Barak and Netanyahu Tess Scheflan / Jini 2009
Defense Minister Ehud Barak, right, and Prime Minister Benjamin Netanyahu. Photo by Tess Scheflan / Jini
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Prime Minister Benjamin Netanyahu's Likud party and Defense Minister Ehud Barak's newly formed Atzmaut faction have been conducting intensive negotiations in an attempt to present a coalition agreement as early as Monday.

The government is interested in replacing the Labor ministers who quit the government earlier Monday as quickly as possible, and plans on doing so by next Wednesday, when the ministers' resignation becomes valid. In order to vote on new appointments by Wednesday, a coalition agreement must be presented to the Knesset secretary by Monday.

Coalition chairman MK Ze'ev Elkin (Likud) has been heading the negotiations with Atzmaut, the faction Ehud Barak formed on Monday after he quit the Labor Party.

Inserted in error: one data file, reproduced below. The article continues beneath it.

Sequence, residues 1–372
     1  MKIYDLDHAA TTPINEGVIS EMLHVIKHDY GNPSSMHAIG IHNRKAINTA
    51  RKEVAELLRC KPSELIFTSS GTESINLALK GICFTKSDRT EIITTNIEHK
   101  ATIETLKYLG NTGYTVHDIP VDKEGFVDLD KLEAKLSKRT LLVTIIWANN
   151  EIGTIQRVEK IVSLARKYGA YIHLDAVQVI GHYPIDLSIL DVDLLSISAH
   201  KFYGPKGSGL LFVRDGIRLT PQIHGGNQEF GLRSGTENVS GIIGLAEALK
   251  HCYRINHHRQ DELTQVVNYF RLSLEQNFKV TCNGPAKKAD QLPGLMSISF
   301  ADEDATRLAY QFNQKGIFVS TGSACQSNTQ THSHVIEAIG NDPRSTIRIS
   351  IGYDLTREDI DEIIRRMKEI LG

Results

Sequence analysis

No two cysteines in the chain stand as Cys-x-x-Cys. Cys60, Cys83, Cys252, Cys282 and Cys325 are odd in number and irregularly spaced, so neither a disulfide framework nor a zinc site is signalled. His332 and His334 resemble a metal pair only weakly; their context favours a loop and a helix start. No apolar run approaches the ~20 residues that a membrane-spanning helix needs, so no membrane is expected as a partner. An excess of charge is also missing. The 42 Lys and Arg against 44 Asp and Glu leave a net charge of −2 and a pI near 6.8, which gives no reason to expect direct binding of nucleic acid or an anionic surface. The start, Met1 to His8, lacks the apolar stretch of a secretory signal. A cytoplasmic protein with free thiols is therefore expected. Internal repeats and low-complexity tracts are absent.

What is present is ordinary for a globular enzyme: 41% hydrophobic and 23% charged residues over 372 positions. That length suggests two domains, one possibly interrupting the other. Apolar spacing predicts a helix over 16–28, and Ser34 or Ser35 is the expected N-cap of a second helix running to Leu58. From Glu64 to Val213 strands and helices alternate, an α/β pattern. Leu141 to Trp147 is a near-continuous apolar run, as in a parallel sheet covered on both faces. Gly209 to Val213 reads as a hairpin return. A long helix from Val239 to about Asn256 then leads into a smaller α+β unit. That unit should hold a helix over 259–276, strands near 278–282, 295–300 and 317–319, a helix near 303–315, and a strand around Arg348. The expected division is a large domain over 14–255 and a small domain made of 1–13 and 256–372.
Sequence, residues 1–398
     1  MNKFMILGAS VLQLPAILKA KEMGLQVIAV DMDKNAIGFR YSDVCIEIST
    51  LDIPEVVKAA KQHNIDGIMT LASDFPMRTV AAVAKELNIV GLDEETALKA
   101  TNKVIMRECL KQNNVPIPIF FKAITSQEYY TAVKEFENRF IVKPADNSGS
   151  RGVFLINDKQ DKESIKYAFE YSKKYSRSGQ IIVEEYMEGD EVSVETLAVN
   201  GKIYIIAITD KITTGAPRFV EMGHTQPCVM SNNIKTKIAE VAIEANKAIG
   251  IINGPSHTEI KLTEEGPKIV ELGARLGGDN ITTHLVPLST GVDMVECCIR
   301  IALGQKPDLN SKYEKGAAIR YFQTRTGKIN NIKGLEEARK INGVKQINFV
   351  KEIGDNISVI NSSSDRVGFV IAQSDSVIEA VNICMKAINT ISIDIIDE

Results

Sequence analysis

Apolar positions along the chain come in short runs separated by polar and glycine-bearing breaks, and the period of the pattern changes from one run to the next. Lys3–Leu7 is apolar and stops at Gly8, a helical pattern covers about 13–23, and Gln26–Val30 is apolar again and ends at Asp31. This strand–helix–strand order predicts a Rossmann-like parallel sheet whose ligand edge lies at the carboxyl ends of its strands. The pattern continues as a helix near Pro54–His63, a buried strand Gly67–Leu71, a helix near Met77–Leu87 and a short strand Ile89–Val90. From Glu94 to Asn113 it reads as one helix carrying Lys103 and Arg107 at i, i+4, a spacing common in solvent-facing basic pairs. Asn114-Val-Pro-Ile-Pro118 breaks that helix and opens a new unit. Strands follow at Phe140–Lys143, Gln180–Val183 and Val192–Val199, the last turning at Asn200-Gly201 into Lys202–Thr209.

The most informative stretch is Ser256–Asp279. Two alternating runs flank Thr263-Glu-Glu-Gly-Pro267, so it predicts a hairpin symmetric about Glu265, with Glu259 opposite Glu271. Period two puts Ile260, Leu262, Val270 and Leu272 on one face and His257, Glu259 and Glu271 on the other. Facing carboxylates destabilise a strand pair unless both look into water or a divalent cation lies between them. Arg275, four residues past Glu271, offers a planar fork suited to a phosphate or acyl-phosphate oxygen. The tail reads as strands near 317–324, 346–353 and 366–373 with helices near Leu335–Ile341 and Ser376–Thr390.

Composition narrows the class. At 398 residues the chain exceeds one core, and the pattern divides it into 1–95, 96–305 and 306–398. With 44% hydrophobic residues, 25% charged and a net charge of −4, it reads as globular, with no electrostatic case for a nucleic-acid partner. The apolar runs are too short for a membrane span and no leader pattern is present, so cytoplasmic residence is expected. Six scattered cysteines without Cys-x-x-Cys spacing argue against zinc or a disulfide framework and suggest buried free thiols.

"The coalition agreement with the Labor Party will serve as a base for the agreement with Atzmaut. The fundamentals of the government will not change. Atzmaut's goal is to preserve the clauses of the former coalition agreement ," said Elkin.

Elkin said that the Labor Party had eight positions in the coalition and now that number will be reduced, since the new Atzmaut faction consists of only five Knesset members.

"For us, there is no great change in the support of the collation. Atzmaut has five supporters of the coalition and the Labor Party had seven or eight supports – the rest of the members didn't always vote with us," he said.

The agreement between Netanyahu and Barak is expected to lead to the appointment of Shalom Simchon (Atzmaut) to the post of Industry, Trade, and Labor minister instead of Benjamin Ben-Eliezer, Matan Vilnai (Atzmaut) to the post of Minority Affairs minister instead of Avishai Braverman, Orit Noked as Agriculture minister and Einat Wilf as deputy defense minister.


Earlier Monday, Barak announced that he is stepping down as Labor Party chairman to set up a new party, following months of turmoil within the weakened faction.

After Barak's announcement, all of the Labor Party's remaining ministers decided to exit the government on Monday.